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|Milan - Royal Palace (Visconti's Ducal Court)|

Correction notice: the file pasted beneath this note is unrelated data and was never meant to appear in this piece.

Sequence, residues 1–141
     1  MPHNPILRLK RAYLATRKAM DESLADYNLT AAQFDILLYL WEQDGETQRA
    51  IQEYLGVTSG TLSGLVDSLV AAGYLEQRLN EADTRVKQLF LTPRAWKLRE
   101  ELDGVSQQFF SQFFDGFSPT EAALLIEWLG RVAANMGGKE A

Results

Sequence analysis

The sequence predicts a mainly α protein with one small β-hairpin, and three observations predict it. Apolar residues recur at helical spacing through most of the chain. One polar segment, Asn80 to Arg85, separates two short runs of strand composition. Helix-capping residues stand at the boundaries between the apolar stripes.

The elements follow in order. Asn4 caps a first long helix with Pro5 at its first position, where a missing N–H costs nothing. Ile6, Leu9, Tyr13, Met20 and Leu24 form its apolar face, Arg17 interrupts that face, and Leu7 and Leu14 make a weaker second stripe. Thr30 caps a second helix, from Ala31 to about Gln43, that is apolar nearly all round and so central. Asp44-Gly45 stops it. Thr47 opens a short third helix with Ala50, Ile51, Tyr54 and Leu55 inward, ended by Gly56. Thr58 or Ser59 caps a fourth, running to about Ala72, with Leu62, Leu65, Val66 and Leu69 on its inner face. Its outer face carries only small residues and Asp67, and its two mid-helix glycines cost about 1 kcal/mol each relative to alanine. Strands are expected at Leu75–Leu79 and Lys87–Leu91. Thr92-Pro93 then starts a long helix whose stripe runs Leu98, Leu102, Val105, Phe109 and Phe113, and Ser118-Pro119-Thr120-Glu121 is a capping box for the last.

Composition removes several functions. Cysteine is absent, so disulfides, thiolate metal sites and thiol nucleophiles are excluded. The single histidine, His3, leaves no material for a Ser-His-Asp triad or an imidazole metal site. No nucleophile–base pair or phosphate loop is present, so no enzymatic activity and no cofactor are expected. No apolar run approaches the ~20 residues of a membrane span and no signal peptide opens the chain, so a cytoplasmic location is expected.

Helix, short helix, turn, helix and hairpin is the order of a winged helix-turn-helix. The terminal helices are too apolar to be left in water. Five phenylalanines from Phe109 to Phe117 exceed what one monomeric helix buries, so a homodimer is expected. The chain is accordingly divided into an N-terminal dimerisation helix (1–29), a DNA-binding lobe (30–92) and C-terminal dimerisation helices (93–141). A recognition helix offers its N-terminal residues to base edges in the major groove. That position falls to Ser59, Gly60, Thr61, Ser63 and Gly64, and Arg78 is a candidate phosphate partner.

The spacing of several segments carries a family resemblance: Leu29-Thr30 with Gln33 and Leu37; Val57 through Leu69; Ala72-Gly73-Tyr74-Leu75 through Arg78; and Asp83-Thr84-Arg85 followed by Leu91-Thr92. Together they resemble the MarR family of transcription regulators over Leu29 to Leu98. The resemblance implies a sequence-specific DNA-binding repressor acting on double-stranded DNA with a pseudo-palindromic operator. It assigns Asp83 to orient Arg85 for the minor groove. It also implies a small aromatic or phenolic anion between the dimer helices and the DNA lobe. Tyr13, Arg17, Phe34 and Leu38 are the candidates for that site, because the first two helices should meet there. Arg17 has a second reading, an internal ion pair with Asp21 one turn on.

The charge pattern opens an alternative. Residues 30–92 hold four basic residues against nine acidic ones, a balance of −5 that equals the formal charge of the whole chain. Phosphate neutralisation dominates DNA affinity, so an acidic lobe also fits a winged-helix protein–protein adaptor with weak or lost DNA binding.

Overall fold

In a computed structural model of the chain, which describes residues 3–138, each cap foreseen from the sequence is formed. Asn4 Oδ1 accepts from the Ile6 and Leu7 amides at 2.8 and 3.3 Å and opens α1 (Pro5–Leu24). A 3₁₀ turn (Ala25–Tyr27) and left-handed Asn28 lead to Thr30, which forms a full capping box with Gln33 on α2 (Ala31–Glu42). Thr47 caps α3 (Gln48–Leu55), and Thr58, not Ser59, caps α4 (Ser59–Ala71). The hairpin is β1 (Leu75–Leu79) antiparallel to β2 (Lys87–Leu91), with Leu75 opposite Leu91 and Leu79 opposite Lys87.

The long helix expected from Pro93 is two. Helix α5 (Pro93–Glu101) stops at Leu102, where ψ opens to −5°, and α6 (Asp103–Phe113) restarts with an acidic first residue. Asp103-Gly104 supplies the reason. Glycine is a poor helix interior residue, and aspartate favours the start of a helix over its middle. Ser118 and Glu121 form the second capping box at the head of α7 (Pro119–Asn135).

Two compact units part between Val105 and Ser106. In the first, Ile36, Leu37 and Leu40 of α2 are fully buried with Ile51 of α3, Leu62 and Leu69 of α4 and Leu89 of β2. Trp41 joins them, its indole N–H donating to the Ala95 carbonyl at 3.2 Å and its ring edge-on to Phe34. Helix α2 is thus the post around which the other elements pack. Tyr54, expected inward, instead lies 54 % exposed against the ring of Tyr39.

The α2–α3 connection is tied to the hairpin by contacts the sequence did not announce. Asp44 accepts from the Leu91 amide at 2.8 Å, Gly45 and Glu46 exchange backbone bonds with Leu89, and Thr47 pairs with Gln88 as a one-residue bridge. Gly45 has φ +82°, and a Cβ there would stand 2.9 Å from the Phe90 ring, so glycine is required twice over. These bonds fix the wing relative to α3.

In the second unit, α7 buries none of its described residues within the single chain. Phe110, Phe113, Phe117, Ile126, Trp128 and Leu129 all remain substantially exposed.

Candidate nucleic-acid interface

The building stands in the rectangular square on the southern side of the cathedral; its front is neo-classical and it has two side wings. Its origins are very old and during its history it has witnessed many changes. In the 12th century, the Broletto Vecchio, which was where the Consuls, who governed the Free Commune, had their headquarters, was built in this site. In 1310, the Visconti established themselves there, and in 1330 Azzone transformed the palace into a sumptuous residence, making it the Ducal Court of the Visconti. In 1385 the Visconti went to live in the Castle when the front of the palace was demolished to make room for the cathedral. In the 16th and 17th centuries the building was radically restructured and became the seat of the Spanish governors; in addition, it was the site of the first opera house of Milan. In 1771-1778, when Milan was under Austrian domination, the archduke Ferdinand ordered the architect Giuseppe Piermarini to modify the palace once more, rebuilding the fašade and rearranging the great rooms, according to the needs of the times. Finally, with the Unification of Italy, it became the Royal Palace. Its superb interior with all the statues, frescoes, floors and plasterworks was completely devastated by the 1943 bombardments. Since 1965 the palace belongs to the city of Milan, and is now home to the Museum of Contemporary Art, while the left wing has long housed the Cathedral Museum.
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